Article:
Urgent Care Clinics Becoming Growing Option for Sick Children, Says University of Michigan Study
When it comes to taking care of sick children, many parents find that options are limited if the children are prohibited from attending daycare or school. As such, working parents have to resort to taking time off, something that can cost the whole family in major resources.
But parents who need care for their children outside of normal working hours are in luck: an increasing number of urgent care facilities are popping up around the nation, and they can take the frustration out of waiting days or weeks for a doctor’s appointment and spending time and money in an emergency room.
And although these centers are new, one study has already concluded that they are growing in popularity as an option for parents of sick kids.
The study, published by the University of Michigan on June 23, found that more parents are choosing urgent care over emergency room visits when their children get sick and cannot attend school or daycare. Among parents who are single, divorced, African American, have job concerns, or need a doctor’s note for the child to return to school or care, emergency room and urgent care visits are significantly higher.
Children who have frequent mild illnesses are often unnecessarily excluded from child care at high rates. For parents whose children lack a readily available primary care physician, the emergency room and urgent care are more likely options.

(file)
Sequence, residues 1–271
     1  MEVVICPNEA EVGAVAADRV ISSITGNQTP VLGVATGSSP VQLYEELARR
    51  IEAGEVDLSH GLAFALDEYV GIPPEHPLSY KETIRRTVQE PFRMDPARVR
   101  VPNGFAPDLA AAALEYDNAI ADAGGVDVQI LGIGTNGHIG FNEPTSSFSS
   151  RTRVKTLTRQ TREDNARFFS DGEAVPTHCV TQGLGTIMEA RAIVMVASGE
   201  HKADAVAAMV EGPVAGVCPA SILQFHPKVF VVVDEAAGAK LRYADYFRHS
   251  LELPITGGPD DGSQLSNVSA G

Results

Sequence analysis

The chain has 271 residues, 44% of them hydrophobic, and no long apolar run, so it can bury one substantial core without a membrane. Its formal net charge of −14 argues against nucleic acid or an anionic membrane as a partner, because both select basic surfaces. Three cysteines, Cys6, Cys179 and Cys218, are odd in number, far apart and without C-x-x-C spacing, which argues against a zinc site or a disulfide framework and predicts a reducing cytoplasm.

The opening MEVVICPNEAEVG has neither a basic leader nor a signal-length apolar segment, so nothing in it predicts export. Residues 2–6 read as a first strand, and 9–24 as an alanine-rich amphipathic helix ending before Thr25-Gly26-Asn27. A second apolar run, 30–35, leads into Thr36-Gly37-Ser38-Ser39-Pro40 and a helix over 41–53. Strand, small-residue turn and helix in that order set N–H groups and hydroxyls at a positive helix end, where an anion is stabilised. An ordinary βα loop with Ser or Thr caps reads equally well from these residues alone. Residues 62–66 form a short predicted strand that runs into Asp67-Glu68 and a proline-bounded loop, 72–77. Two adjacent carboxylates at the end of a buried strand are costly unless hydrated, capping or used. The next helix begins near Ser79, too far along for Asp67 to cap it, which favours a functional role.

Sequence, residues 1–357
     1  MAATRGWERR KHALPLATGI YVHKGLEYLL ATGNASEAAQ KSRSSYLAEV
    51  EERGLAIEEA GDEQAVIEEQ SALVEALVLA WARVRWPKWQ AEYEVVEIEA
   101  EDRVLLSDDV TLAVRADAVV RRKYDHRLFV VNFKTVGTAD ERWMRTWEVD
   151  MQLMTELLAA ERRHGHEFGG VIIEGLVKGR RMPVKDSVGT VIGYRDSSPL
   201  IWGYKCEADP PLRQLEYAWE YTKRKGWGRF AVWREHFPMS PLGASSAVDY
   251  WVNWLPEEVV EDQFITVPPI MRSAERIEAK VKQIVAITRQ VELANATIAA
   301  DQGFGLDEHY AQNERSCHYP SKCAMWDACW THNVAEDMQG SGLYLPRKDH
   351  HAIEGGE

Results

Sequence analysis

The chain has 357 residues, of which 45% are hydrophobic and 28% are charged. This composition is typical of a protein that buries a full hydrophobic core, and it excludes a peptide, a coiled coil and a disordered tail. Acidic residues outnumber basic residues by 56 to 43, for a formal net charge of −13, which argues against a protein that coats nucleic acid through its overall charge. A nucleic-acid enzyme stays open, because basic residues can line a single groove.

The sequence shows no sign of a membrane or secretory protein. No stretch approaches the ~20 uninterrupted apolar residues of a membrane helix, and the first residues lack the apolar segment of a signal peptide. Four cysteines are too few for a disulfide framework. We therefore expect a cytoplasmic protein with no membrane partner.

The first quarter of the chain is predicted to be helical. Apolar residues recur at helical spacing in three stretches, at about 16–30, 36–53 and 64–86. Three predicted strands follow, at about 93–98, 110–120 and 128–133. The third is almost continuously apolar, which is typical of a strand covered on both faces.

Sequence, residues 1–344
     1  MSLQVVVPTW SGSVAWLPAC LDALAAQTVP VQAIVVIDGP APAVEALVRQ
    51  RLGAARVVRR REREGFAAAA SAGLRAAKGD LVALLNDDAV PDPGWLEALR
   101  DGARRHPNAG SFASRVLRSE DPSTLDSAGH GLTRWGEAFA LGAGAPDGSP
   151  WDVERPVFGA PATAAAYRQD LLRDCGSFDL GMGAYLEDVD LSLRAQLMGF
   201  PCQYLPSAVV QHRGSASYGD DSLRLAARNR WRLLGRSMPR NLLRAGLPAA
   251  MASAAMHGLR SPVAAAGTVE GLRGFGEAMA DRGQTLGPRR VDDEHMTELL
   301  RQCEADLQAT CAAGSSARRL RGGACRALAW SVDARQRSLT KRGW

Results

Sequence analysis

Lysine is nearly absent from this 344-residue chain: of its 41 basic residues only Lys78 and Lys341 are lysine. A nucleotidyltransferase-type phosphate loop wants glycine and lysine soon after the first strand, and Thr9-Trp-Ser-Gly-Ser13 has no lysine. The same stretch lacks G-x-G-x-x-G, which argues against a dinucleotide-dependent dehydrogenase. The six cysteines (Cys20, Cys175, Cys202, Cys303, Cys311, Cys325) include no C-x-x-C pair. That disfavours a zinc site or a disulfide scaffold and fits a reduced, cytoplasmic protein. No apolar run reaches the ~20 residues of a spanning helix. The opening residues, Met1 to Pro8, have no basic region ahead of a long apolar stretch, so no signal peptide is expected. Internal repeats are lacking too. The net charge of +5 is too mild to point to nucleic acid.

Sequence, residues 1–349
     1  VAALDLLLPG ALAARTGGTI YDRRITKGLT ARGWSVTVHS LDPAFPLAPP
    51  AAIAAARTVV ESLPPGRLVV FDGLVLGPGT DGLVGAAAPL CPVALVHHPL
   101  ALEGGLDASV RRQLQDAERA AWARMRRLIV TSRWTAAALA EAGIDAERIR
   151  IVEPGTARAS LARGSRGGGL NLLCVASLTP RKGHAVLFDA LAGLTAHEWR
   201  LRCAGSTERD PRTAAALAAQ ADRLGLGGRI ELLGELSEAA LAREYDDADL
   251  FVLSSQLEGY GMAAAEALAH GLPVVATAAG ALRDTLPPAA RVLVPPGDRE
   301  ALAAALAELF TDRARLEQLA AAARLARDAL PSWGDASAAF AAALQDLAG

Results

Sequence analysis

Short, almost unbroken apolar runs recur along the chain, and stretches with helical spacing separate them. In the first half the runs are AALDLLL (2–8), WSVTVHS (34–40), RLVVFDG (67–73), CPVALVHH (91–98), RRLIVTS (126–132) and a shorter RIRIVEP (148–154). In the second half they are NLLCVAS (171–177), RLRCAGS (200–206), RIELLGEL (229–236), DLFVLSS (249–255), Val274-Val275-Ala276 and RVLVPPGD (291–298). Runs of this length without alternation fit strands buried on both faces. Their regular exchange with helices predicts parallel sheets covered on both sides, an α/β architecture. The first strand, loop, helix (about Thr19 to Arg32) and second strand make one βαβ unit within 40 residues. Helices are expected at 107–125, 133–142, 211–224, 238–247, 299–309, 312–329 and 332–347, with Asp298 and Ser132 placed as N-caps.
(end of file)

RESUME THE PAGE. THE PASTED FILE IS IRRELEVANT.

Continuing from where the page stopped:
According to the UM study, 80 percent of parents took their children to a primary care doctor when their children couldn’t attend child care or school. Twenty-six percent took their children to urgent care, beating the ER by one percent as only 25 percent of parents took their kids to an emergency room.
The UM study was based on a survey of 630 parents with children ages 0 to 5 in child care.
For many parents, availability isn’t the only issue when it comes to raising children. Out of pocket costs for healthcare are rising for everyone in the U.S. at alarming rates, and the cost of raising a child until the age of 18, for any born around 2012, is approximately $217,000 — not including college costs.